Celebrations are set to feature traditional games and dancing along with a giant rice cake, Khmer hat, palm pipe and chess game
More than 500,000 people are expected to descend on Siem Reap for this coming week’s Khmer New Year celebrations, which will feature traditional dances, games and a giant rice cake.
Unlike in neighbouring Thailand, which becomes one long wet T-shirt competition at this time of year, in Siem Reap traditions still take priority, with Cambodians taking over the temples and Pub Street for a change.
The pagodas around town and in the villages are the main focus of fairly solemn events for three days, with different rituals taking place at different times of the day for local communities and families. Visitors are welcome and early mornings are the best time to see the most activity.
More festive activities will take place as part of the Angkor Sangkranta events at Angkor Archaeological Park from April 14-16, starting in the morning around 8:30am and continuing until 9:30pm.
This is the time of year when Cambodians from across the country descend upon the temples, and Angkor Wat is filled with Khmer families and friends.
Activities that traditionally occur in villages will take place throughout the day over all three days, on the grassy areas around the Angkor Wat moat and in Angkor Thom, near the Royal Palace and Bayon as well as in town.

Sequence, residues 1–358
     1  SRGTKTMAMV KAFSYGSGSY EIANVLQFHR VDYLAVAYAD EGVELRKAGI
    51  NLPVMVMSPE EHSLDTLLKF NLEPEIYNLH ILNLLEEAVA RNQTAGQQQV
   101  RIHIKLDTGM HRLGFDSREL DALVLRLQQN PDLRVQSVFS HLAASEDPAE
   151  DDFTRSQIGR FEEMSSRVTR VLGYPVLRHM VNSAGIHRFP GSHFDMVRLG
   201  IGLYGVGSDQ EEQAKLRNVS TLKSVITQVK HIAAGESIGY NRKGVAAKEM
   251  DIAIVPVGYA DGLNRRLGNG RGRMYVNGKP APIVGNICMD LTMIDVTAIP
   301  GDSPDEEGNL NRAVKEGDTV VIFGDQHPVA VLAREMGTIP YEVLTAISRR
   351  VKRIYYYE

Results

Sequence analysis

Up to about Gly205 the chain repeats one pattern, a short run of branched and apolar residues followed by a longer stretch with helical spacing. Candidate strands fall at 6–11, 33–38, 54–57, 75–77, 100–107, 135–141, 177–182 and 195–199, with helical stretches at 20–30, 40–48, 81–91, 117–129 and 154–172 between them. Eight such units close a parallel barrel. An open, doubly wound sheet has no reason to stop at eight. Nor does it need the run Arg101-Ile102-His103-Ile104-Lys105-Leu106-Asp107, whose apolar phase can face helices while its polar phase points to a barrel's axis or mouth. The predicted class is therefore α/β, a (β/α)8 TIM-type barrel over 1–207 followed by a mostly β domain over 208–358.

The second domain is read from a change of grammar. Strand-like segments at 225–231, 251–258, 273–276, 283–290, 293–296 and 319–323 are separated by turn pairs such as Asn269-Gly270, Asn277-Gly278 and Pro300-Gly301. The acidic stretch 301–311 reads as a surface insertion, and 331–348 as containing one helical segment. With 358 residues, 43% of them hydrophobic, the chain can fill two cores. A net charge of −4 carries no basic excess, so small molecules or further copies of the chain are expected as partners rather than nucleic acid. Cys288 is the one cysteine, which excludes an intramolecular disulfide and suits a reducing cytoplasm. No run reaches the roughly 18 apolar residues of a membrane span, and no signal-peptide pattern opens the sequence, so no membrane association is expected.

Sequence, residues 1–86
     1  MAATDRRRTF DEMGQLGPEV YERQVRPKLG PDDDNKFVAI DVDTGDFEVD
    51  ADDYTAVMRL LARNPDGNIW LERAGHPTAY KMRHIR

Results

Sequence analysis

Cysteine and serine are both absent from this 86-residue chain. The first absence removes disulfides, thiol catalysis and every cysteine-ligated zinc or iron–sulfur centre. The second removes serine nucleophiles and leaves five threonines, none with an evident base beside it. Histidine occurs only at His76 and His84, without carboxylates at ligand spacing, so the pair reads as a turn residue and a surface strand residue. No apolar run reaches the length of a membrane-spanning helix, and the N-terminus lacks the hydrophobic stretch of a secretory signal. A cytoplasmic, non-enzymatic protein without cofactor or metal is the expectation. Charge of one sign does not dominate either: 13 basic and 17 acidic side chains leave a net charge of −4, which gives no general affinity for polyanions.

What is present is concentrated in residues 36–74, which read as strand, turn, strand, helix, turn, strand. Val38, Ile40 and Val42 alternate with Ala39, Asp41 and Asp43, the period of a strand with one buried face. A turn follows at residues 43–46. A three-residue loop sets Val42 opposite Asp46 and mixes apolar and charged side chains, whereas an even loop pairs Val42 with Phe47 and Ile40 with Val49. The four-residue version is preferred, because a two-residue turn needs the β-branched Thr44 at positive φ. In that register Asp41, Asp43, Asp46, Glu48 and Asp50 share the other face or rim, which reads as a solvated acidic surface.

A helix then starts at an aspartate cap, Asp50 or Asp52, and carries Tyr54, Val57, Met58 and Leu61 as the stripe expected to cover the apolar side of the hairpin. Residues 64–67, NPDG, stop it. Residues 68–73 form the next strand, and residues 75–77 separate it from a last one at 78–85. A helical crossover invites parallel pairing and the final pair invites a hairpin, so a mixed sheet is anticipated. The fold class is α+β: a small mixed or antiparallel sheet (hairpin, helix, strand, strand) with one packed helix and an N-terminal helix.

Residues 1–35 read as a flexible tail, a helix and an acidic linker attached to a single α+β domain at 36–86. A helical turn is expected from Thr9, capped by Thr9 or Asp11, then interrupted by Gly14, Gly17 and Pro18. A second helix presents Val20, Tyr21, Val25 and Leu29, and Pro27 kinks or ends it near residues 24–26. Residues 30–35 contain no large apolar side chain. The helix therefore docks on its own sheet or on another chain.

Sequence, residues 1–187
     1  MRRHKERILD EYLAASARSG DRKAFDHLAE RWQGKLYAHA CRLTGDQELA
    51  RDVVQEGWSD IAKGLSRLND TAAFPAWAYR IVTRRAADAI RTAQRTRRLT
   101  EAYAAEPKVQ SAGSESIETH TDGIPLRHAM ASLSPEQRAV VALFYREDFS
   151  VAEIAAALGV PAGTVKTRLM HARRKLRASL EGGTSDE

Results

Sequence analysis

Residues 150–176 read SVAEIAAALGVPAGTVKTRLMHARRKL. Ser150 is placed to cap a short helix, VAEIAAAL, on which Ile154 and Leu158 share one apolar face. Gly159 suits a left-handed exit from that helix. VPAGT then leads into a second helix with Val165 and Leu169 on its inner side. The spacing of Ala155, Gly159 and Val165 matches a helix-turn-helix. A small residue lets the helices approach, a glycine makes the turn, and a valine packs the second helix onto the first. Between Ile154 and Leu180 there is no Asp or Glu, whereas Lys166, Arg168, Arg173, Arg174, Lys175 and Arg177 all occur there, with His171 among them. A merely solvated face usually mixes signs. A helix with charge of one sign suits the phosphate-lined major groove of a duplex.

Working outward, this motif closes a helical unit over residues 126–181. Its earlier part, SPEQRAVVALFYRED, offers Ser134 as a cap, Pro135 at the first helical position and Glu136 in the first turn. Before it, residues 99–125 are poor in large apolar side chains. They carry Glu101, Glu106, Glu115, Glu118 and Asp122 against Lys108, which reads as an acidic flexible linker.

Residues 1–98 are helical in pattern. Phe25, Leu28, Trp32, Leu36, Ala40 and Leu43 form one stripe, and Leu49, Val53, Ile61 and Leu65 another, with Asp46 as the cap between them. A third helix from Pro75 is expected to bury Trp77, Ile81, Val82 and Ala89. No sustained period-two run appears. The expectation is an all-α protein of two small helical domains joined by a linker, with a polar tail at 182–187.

“We expect to welcome 500,000 people to join the event, because this year we have a lot of great things to see and do,” said Angkor Sangkranta spokesman Som Ratana.
He said Angkor Sangkranta had about 180,000 visitors in 2013, while in 2014, there were more than 380,000 visitors who injected $30 million into the local economy. “The visitors will have a chance to see a giant Khmer sticky rice cake that weighs 3.2 tonnes, a giant Khmer hat, a giant palm pipe and a giant chess game.”
Angkora Sangkranta is organised by the Union of Youth Federations of Cambodia which is headed by Hun Many, son of Prime Minister Hun Sen.
Last month, Hun Sen said judges from Guinness World Records would be invited to judge the cake for a world record. Last year, a 2.8 tonne cake was cooked for the festival.
Apart from the giant things, expect to also see traditional ball games and tug of war, and ox cart and buffalo racing. The highlights for many, however, are the bokator and dancing, including traditional round-dancing and the Cambodian Madison. The non-stop bokator demonstrations take place throughout the day, with hundreds of practitioners of the medieval martial art participating in bouts and also encouraging the public to try their hand at the sport.
The dancing also takes place in a number of areas, peaking in the late afternoon, especially on the final day.
A Cambodian event wouldn’t be complete without street food, and stalls will be set up right around the park, most in the area across from Angkor Wat, along with more commercial displays, as numerous businesses use Khmer New Year as a hook to attract new customers.
Concerts are planned for the evenings with several stages being set up in Angkor Archaeological Park, the biggest near the Bayon. However, Cambodians, as well as expats and tourists, will fill the streets of the Old Market area, particularly Pub Street, which should see its biggest crowds on the final night, with a massive street party punctuated by fireworks.